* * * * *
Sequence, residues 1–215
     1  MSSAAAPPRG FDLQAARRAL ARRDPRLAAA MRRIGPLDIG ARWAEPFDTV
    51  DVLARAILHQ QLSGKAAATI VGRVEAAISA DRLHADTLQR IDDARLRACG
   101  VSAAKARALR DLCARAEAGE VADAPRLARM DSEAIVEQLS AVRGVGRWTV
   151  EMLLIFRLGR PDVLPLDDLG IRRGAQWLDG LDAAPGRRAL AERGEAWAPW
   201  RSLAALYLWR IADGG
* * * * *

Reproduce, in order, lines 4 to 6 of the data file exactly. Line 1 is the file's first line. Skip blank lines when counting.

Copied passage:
   101  VSAAKARALR DLCARAEAGE VADAPRLARM DSEAIVEQLS AVRGVGRWTV
   151  EMLLIFRLGR PDVLPLDDLG IRRGAQWLDG LDAAPGRRAL AERGEAWAPW
   201  RSLAALYLWR IADGG